How to take your T-Shirt Artwork from Good to Great

This post is by one of our guest authors, Blake from You Design It. Read more about Blake at the end of his article.

Have you ever spent countless hours creating a masterpiece for t-shirt printing only to receive bad news back from the printer? You have probably heard something to the effect of “the resolution is bad” or “we can’t separate the colors” or even the silly response of “we can print this but it’s not going to look good”. Now why would you want someone to print something, if it isn’t going to look good?

We want to take this opportunity to identify some of the problem areas in a t-shirt design, and how much better the artwork can look for print. We’re actually going to do this with a real world example of a very advanced t-shirt design that was submitted to us and how it looked once we cleaned it up. With the money spent on custom T-shirts, I think we can all agree that the design needs to look the very best it can.

First let’s begin with the original image that was submitted to us for print:

At first glance it looks great and we were very impressed with the artist’s skills. Once we took a little closer look, we noticed that there were a few rough edges and some shading that would not translate well into t-shirt printing. Here are three closer images on areas that needed some improvement because of the usage of glows, shading, and an overall lower resolution.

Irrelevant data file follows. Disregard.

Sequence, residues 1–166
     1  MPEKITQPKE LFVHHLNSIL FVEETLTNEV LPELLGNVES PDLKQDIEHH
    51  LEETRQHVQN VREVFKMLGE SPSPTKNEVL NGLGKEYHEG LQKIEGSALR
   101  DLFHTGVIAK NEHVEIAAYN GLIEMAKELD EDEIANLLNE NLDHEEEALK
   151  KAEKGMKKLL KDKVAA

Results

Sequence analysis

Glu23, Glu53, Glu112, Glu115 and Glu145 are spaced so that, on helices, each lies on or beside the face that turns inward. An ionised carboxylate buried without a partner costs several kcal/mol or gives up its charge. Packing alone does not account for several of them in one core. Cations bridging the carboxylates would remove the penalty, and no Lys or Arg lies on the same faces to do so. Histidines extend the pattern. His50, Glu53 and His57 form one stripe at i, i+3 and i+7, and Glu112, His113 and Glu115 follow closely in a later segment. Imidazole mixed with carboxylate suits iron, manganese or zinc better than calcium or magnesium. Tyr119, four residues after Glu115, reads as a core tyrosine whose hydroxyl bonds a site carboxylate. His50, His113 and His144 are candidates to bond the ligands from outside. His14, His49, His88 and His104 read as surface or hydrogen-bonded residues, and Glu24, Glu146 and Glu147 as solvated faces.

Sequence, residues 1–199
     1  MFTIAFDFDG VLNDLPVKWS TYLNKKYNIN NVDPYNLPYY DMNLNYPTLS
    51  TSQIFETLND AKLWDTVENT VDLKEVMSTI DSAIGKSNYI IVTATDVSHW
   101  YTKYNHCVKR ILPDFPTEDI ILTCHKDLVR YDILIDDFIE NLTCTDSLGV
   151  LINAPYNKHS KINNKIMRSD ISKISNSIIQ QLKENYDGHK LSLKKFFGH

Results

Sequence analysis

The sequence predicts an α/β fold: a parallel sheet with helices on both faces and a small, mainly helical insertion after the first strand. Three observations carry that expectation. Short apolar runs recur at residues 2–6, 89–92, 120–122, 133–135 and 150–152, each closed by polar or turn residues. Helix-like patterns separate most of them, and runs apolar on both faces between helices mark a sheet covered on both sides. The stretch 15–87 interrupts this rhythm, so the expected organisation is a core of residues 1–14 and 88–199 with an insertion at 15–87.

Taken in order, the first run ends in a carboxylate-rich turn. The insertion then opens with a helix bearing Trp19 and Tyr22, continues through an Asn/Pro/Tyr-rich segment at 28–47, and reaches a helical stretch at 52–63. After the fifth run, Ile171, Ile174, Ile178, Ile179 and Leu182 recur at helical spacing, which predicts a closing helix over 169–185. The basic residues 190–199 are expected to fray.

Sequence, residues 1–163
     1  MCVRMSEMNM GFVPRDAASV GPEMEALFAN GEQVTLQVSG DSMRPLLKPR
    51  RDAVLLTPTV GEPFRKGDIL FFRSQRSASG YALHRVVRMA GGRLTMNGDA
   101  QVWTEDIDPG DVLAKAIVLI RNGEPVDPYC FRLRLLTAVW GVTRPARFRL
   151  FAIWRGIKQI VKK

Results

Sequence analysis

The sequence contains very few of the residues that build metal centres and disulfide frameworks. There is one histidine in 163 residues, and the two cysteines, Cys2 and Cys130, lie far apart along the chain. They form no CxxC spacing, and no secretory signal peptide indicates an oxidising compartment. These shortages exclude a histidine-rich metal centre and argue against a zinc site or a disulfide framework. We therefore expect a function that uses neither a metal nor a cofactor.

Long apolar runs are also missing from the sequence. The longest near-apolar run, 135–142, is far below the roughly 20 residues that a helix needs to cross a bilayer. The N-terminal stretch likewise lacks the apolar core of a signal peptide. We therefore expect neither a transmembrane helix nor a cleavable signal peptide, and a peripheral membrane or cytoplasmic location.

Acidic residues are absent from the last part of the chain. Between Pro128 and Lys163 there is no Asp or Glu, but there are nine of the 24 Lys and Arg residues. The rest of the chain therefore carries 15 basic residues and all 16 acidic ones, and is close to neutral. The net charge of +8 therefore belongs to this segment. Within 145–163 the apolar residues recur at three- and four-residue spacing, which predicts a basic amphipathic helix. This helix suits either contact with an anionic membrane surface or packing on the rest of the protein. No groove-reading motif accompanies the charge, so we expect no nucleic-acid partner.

Need Improvements

Need Improvements

Need Improvements

The way we solve these problem areas is by converting the jpeg or raster image into a vector format. This is a process that needs to be explained in a different/longer blog post because of the complexity. For now though, we just want to help with the awareness in identifying areas needing improvement.

Here is the final artwork after being converted to a vector format:

Cleaned up Version

And here are those three close-up images with much cleaner lines, less shading, and more solid colors.

Cleaned up Version

Cleaned up Version

Cleaned up Version

Ultimately, printing the t-shirts from a vector format made them go from good to the very best they could be. Don’t just settle for good after you have put so much into your project.

*Disclaimer: T-shirts can be printed from raster images in 4-color process for screen printing or they can be printed digitally. This post is intended for specific situations and does not cover all t-shirt design scenarios.

About Blake Poutra at You Design It
You Design It
Blake Poutra has been in the t-shirt printing industry for 10 years and learns new tips and techniques every day. He works for You Design It where they print thousands of t-shirts a day and he rides an electric scooter to work. 🙂 [editor’s note: lucky bastard!]